When All You Get is Resistance
by Tina Feigal Copyright © 2017
No, no, no, no, no! Are you exhausted from fielding way too many acts of resistance from your child? If so, let’s look at how to get rid of such strong resistance, and replace it with calm cooperation. I can almost hear you saying, “She’s obviously never met this kid!” You’re right, I haven’t met your child, but I do know a thing or two about how resistance develops and what to do about it.
First, when you see repeated resistance, ask yourself, “Why does she respond this way?” Figuring out why you see this behavior is the first step to resolving it. Pushing harder to make her comply is a step away from resolution.
Second, imagine you were in your child’s shoes, with a young person’s perspective. You are totally subject to your adults’ decisions, and you are growing up enough to make some of them yourself. But the adults don’t seem to see that you’re different, so you must resist them until they do. The message of resistance is, “SEE ME!”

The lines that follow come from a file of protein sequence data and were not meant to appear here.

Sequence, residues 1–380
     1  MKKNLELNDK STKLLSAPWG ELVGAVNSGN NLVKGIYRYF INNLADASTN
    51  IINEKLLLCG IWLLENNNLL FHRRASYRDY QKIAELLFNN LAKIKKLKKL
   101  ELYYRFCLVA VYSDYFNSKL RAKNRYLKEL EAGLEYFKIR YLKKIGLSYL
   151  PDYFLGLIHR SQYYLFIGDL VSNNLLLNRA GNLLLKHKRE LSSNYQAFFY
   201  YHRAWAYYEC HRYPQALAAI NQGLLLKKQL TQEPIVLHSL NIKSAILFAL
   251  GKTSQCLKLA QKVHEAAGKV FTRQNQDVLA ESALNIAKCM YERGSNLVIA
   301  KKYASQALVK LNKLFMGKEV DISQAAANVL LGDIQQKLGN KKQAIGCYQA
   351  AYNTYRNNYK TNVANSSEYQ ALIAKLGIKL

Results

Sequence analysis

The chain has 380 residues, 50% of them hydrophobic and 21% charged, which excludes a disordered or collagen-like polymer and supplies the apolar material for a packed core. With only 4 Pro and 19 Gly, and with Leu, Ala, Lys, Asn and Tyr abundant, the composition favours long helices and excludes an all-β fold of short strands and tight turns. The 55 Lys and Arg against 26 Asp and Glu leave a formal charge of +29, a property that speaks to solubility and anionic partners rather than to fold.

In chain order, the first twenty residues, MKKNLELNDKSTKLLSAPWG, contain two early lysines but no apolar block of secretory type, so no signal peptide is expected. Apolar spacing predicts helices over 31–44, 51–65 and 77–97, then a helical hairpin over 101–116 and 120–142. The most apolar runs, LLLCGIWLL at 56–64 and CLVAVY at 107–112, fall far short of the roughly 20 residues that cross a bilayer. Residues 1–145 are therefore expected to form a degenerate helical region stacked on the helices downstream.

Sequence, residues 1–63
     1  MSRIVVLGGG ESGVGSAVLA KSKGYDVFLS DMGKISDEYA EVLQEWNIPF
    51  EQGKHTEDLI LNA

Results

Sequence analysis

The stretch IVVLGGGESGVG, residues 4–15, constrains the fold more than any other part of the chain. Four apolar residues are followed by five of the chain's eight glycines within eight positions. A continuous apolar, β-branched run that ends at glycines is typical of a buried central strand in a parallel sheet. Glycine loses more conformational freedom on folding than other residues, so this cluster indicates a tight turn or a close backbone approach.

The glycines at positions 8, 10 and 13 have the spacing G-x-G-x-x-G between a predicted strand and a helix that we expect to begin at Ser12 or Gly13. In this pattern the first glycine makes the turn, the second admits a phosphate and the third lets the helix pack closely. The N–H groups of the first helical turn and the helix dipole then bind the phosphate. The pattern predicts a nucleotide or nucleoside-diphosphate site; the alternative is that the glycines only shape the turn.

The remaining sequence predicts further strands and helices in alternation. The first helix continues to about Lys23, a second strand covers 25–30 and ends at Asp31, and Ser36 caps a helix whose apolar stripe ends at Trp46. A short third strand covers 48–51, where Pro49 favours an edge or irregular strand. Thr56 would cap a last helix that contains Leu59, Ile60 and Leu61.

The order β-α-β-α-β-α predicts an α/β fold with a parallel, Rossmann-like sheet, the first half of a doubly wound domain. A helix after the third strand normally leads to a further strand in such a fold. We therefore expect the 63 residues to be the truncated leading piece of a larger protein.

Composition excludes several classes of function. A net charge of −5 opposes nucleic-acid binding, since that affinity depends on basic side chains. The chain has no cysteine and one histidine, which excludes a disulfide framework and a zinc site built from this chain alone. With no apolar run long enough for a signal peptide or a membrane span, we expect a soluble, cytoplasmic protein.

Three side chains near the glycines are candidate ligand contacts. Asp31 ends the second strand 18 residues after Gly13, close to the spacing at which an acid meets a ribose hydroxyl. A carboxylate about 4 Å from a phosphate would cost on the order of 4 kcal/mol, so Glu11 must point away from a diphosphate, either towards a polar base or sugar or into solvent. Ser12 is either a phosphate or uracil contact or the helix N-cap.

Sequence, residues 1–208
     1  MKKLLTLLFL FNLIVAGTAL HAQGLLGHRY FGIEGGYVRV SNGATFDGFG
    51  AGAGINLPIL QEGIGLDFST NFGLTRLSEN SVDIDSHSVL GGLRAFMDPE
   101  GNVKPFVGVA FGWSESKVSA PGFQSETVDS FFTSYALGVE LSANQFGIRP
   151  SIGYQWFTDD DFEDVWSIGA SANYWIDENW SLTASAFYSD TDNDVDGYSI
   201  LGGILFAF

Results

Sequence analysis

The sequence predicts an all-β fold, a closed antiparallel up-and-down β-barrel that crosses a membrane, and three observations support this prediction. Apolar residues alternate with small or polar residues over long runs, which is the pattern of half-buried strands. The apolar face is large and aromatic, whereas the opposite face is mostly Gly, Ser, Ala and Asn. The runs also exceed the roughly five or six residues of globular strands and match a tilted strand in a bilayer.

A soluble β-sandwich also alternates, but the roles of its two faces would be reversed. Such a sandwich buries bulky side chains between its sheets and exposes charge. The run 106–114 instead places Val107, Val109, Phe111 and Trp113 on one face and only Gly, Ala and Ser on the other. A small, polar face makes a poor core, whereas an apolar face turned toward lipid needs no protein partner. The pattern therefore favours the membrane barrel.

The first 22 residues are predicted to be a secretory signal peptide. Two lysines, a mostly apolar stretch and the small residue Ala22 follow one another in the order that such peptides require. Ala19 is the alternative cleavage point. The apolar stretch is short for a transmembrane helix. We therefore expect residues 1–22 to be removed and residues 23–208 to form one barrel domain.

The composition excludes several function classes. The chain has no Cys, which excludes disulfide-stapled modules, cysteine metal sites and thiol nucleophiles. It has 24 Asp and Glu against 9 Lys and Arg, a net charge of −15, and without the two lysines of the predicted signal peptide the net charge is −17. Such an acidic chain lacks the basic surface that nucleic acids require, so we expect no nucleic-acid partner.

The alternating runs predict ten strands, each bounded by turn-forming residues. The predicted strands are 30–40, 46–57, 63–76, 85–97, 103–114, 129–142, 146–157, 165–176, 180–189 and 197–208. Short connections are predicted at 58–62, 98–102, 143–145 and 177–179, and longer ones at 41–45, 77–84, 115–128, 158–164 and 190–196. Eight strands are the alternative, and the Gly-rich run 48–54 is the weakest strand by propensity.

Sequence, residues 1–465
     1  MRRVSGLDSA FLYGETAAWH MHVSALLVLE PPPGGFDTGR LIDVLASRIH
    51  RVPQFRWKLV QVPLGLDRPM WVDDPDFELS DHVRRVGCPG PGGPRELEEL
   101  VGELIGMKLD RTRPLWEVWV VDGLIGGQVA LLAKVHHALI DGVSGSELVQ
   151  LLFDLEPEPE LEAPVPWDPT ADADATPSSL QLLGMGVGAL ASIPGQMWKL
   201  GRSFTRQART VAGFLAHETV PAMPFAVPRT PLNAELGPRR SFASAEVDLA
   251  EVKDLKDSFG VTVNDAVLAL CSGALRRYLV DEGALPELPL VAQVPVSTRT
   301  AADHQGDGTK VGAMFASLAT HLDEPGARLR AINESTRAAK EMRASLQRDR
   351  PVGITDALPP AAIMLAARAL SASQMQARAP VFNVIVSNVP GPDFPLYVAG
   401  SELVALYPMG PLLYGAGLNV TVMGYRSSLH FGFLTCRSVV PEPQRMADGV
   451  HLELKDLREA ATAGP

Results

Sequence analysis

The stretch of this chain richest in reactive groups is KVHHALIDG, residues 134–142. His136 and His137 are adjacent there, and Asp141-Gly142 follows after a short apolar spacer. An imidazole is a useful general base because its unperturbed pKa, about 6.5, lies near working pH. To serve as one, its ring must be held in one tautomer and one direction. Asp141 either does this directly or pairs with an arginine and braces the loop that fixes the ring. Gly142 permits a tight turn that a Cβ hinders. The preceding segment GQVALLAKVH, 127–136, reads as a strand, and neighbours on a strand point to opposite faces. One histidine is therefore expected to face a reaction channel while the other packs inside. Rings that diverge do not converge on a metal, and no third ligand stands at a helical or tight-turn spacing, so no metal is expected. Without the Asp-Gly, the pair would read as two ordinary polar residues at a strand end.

Third, look for ways that you can actively notice the changes in your child’s abilities to make her own decisions. Maybe she chose away from a toxic friend last week, or maybe she decided to work on her big assignment with friends instead of going it alone. Maybe she just put her dirty clothes in the hamper without being asked. Or perhaps she was thoughtful to you in an unexpected way. These are all the experiences you can use to see her.
Fourth, let her know. Write a note to your child saying that you notice she’s changing. Tell her specifically how you see her growing, for example, “I saw you make a great decision about phone time last night. You brought it to the kitchen for charging at 9, as we’d decided, and you allowed yourself some unplugged time. That’s the sign of a truly grown up person, and I’m going to be on the lookout for more signs, as they are coming fast right now! I need to adjust my thinking as to how old you really are, and start treating you in a way that you deserve. ”
Fifth, watch the resistance melt. When you see your child for who she is right now, in the Present Moment, her need to resist you loses its purpose. Enjoy your victory, share it with your child’s other parent, and write about it in your gratitude journal.
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